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years ago. Dr. Talmage's treatise is very like the Handbook as to scope and method, and the author quotes his predecessor frequently in foot-notes. It is divided into four parts, treating respectively of Air and Ventilation with chapters on Heating and Lighting, Water, Food and its Cookery, Cleansing Agents, to the last of which is added Poisons and their Antidotes. In each of these divisions the laws of Nature that especially concern the matters in hand are stated, and the evil effects of disregarding these laws in each case are pointed out. The text is much strengthened by illustrations. The book has been adopted as a text-book for the Territory of Utah, and the present is a second and revised edition prepared for such use. The introduction of this subject into the schools can not fail to do much good.

Introduction to Physiological Psychology. By Dr. Theodor Ziehen. Translated by C. C. Van Liew and Dr. Otto Beyer. New York: Macmillan & Co. Pp. 284. Price, $1.50.

The recent introduction of the inductive and evolutionary mode of treatment into the field of mental science has brought forth abundant fruit where, for a long time, barren speculation had held sway. Psychology, or a division of it at least, has become a natural science, and knowledge of mental processes has been rapidly extended in consequence. Especially has this work gone on actively in Germany, and the facts obtained have received two distinct interpretations—the one held by Wundt and his school, the other by Münsterberg and Ziehen. Only one treatise on physiological psychology—the large work by Prof. Ladd, of Yale—has appeared in English, hence the translators have thought that such a small introductory compendium as the present volume would be desirable. The work originated in a series of lectures that Dr. Ziehen has delivered at the University of Jena for several years. It has been the aim of the author throughout to develop all explanations from physical or physiological data, and to account for the presence of certain functions by an application of the laws of evolution. The doctrines that he presents differ essentially from Wundt's theory and conform closely to the English psychology of association. By introducing an especial auxiliary function, the so called apperception, for the explanation of certain psychical processes, Wundt evades numerous difficulties in demonstration. This book is intended to show that such an "auxiliary function" is superfluous, and that all psychological phenomena can be explained without it.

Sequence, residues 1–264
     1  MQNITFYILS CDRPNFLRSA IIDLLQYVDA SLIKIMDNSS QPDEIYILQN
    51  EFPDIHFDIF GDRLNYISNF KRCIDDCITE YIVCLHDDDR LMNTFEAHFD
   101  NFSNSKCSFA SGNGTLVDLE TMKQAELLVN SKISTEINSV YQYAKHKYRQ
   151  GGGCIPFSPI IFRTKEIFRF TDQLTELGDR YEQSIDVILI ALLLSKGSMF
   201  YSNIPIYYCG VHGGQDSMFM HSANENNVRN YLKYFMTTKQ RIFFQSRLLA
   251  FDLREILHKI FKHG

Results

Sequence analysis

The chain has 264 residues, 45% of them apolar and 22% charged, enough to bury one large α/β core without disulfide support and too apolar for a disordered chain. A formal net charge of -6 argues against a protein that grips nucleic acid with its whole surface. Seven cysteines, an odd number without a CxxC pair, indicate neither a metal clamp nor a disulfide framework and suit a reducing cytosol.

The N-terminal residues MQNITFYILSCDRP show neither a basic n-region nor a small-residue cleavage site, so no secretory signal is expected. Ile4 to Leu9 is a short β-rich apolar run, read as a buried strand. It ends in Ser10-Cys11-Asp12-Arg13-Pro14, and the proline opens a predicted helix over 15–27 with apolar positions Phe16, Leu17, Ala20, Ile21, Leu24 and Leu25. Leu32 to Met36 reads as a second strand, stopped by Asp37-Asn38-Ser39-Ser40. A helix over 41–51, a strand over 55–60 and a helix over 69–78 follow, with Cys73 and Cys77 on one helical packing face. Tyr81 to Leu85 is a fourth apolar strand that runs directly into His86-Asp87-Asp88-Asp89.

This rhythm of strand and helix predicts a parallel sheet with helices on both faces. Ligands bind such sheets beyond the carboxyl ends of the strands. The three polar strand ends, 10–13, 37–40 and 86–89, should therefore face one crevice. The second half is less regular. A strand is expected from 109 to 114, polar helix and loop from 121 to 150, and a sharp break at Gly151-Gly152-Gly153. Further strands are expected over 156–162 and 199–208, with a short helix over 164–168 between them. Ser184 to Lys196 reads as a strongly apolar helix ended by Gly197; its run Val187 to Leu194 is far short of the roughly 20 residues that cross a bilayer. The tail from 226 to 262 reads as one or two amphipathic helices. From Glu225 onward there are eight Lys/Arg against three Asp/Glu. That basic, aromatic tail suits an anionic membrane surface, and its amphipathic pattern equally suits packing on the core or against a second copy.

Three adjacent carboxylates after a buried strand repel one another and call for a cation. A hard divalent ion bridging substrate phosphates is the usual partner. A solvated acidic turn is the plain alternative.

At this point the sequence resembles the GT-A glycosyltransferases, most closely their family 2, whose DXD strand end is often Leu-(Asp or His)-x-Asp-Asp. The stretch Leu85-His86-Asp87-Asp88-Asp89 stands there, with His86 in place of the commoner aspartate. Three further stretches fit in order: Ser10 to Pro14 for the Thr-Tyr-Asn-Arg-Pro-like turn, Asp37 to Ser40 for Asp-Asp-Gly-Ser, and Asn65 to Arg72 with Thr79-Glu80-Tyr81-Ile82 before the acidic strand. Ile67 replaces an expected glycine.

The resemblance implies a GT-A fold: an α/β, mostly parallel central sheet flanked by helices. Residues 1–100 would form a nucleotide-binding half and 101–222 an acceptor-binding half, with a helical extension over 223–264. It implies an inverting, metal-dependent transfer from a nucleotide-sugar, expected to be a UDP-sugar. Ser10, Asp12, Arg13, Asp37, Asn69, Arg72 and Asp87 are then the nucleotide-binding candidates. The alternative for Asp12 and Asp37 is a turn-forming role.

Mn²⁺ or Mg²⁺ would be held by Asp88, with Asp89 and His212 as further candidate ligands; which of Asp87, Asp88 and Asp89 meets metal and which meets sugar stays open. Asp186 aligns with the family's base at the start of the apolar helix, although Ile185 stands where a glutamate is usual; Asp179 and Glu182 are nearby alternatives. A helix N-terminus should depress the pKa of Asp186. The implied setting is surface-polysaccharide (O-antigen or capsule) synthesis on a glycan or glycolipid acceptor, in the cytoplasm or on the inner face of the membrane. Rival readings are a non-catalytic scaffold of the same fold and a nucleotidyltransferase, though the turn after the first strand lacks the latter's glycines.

Chemical Lecture Experiments. By G. S. Newth, F. I. C. London and New York: Longmans, Green & Co. 1892. Pp. 323. Price, $3.

This book is of some importance to chemical lecturers and teachers, as well as being a valuable assistance to the chemical student. It consists of six hundred and thirty-two illustrated experiments, which are given with remarkable lucidity, the author claiming that "no account of any experiment has been introduced upon the authority solely of any verbal or printed description, but every experiment has been the subject of his own personal investigation, and illustrated by woodcuts from original drawings." It is arranged in such a manner that students may learn from it the methods of preparation and most of the important properties of the nonmetallic elements and their more common compounds. As a companion to the lectures which he may attend, the chemical student will find fully described in this book most, if not all, of the experiments he is likely to see performed upon the lecture table, thereby relieving him from the necessity of laboriiously noting the apparatus, etc., used by the demonstrator. Many of the experiments are novel and interesting, and the tables which form the appendix will be found to contain important information for which books of reference are usually needed.

An overgrown volume of nearly fifteen hundred pages on Education in the Industrial and Fine Arts in the United States comes to us from the Bureau of Education. This is only the second part of a special report by Isaac Edwards Clarke, and the editor states that most of the matter intended for this volume has been relegated to a third part. There is first an Introduction of over a hundred pages, in which the editor devotes several of the early pages to telling how his first part has been praised. Soon after this come three